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Labor Secretary Solis comes out swinging on OSHA standards front (4/30)

Who says OSHA needs a full-time administrator, nominated by the president and confirmed by the Senate, to steer the agency? Labor Secretary Hilda Solis is taking it upon herself to be the kind of job safety activist the Labor Department has not seen in years, if not decades.

Solis is set to announce the Labor Department is moving forward to develop two new major workplace safety rules to protect workers from combustible dust explosions — such as the one that killed 13 workers at a Georgia sugar plant last year—and from a dangerous chemical that causes “popcorn lung,” sources tell ISHN.

Final rules would probably see the light of day in 2011, according to sources.

According to an AFL-CIO safety blog, these new rules “mark a major departure from the Bush Department of Labor’s refusal to address serious workplace safety issues.

“For eight years, the Bush administration failed to take action to address major safety and health problems. Many [Occupational Safety and Health Administration] OSHA and [Mine Safety and Health Administration] MSHA rules were withdrawn or blocked.

Dangerous levels of combustible sugar dust at the Imperial Sugar refinery in Port Wentworth, Ga., fueled the Feb. 7, 2008, blast that killed 13 workers and seriously injured dozens of others.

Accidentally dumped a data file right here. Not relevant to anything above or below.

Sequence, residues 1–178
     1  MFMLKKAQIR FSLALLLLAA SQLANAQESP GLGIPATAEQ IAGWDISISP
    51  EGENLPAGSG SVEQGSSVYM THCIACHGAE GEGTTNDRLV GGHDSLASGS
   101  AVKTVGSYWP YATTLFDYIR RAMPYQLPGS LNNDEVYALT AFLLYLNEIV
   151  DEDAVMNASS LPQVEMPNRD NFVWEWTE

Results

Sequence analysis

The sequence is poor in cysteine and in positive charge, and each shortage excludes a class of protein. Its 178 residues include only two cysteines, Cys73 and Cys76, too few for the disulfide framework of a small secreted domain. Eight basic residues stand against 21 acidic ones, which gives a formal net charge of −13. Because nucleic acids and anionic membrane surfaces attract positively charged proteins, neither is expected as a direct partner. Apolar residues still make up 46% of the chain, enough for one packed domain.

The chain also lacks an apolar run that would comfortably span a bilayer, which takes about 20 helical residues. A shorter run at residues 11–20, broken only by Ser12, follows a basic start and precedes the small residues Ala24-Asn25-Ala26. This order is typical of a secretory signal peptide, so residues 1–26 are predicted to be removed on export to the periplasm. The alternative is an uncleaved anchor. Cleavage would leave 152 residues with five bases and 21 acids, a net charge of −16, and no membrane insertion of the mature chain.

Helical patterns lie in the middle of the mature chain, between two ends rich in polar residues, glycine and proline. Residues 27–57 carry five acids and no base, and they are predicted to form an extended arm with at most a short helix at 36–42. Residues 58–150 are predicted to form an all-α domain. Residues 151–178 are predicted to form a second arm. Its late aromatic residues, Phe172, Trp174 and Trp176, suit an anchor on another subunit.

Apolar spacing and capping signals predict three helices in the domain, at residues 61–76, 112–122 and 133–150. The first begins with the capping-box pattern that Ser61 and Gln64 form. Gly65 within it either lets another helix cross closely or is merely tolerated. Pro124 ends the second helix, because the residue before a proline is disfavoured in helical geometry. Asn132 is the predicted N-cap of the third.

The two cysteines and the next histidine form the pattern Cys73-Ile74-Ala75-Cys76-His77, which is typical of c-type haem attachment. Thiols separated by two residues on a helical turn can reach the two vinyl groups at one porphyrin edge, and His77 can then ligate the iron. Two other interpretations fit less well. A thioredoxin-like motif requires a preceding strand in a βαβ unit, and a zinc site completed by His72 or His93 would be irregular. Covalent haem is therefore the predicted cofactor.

More than 130 workers have been killed and hundreds more seriously injured in combustible explosions in the United States since 1980. In 2006, the U.S. Chemical Safety Board (CSB) urged OSHA to adopt combustible dust standards. But the Bush administration’s OSHA did not move on a rule to set dust level standards, according to the AFL-CIO. The new rule is expected to set those standards.

Diacetyl is the chemical flavoring additive in microwave popcorn that causes a severe and sometimes fatal lung disease known as “popcorn lung” and other respiratory illnesses, according to the AFL-CIO.

The Bush administration’s OSHA refused in September 2007 to issue an emergency standard setting diacetyl exposure limits for workers. In a last-minute move before leaving office, the Bush administration used a procedure known as an advance notice of proposed rule that could have added two years to the diacetyl standard-setting process, according to the union.

In March, OSHA announced it was withdrawing the Bush order and fast-tracking a diacetyl standard.

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